Hong Kong film great Tsui Hark on Stephen Chow’s ego, his lifetime achievement award and Detective Dee 3
EXCLUSIVE: There are a few things Tsui Hark can’t be sure about – how many films he’s made, for example – but he’s always backed himself to succeed no matter what others tell him, he says, and his record stands for all to see
When trying to make sense of the mad genius of Tsui Hark, it helps to know that the Vietnamese-born Hong Kong film legend thrives on adversity. How else could he have reinvented Hong Kong cinema several times over in less than 40 years?
In his first two decades as a filmmaker, Tsui contributed to the Hong Kong New Wave movement with his first three features; revolutionised Hong Kong film special effects with Zu: Warriors from the Magic Mountain ; produced modern classics such as A Chinese Ghost Story series, A Better Tomorrow and The Killer; and made Jet Li a national hero with the Once Upon a Time in China series.
After a brief stint in Hollywood with the Jean-Claude Van Damme vehicles Double Team and Knock Off in the late ’90s, Tsui returned to take advantage of the Hong Kong-China co-production model. He has continued pushing boundaries, as a pioneer of 3D filmmaking since 2011’s Flying Swords of Dragon Gate , the first contemporary wuxia film to adopt the technology.
Tsui’s past four directorial efforts – Dragon Gate, Young Detective Dee: Rise of the Sea Dragon (2013), The Taking of Tiger Mountain (2014), and this year’s Journey to the West: The Demons Strike Back – were all 3D fantasy spectacles that gave their Tinseltown counterparts a run for their money. His expertise in 3D has also benefitted his contemporaries: Tsui’s influence was noticeable in director Derek Yee Tung-sing’s Sword Master (2016), which he produced.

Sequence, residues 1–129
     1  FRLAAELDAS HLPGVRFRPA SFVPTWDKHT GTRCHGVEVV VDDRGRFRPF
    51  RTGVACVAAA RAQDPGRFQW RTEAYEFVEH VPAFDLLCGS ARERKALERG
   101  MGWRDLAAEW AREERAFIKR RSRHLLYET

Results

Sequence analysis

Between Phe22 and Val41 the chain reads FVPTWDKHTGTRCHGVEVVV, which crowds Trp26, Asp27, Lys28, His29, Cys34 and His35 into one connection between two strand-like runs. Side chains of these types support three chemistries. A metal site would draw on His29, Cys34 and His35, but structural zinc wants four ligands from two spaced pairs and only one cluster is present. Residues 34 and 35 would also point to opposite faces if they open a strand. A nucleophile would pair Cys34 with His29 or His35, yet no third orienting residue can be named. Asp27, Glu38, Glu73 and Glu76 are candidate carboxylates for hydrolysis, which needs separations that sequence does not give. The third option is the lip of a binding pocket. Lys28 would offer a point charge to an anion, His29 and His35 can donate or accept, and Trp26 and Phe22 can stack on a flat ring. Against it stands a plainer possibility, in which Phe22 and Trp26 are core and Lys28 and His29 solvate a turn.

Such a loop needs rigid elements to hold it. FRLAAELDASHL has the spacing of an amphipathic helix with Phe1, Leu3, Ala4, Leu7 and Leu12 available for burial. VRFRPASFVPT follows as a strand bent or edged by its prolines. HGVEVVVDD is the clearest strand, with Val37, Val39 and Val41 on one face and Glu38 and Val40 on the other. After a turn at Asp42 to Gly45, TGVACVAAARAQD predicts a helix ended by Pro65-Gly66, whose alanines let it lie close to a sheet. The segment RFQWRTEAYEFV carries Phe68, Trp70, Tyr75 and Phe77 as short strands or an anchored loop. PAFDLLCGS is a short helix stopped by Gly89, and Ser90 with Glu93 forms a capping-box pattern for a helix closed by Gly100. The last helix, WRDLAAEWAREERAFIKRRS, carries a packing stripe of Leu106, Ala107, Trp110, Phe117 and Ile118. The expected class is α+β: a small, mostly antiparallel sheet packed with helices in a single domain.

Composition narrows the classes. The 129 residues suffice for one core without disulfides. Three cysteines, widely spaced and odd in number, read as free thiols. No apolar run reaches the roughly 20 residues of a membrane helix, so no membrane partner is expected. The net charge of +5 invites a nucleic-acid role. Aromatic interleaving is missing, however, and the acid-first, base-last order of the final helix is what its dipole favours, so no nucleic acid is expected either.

“There are always people who do not agree with what I’m doing. In fact, there’s seldom anyone who agrees. But even when there’s literally nobody who approves of what I do, I still persist in making something happen – and this gives me great satisfaction. I love to show people that nothing is impossible,” he says.
Tsui is bringing that commitment to his next directorial effort, Detective Dee: The Four Heavenly Kings, the third instalment in the supernatural detective thriller series that includes Detective Dee and the Mystery of the Phantom Flame (2010) and its prequel, Young Detective Dee. He is due to start shooting the film – again starring Mark Chao Yu-ting as the younger version of the titular master sleuth, played by Andy Lau Tak-wah in the first film – in April. But Tsui admits he has yet to finalise the script.
“This third film required almost the same amount of time it took us to come up with the first,” he says. “We began working on Four Heavenly Kings when we finished the script for the second film, but until this day we’re still making revisions to the screenplay. The reason [for the delay] is that I want to finally pull off what we didn’t manage to do in the first two films.”
“I joined the project because I thought it would be a very special experience,” Tsui says with a big grin. “I’m well aware that director Chow is a very opinionated person, that he has his particular way of working, and that it’s hard to work with him – or at least that’s what the rumours say. I personally found this very interesting. You shouldn’t go through life without experiencing something like that.”
Tsui reveals another twist in the plot: he was just about to announce his intention to make a Journey to the West movie when Chow invited him on board. “When he called me, I also asked if he had anything else that we could collaborate on. What a coincidence that was,” Tsui says.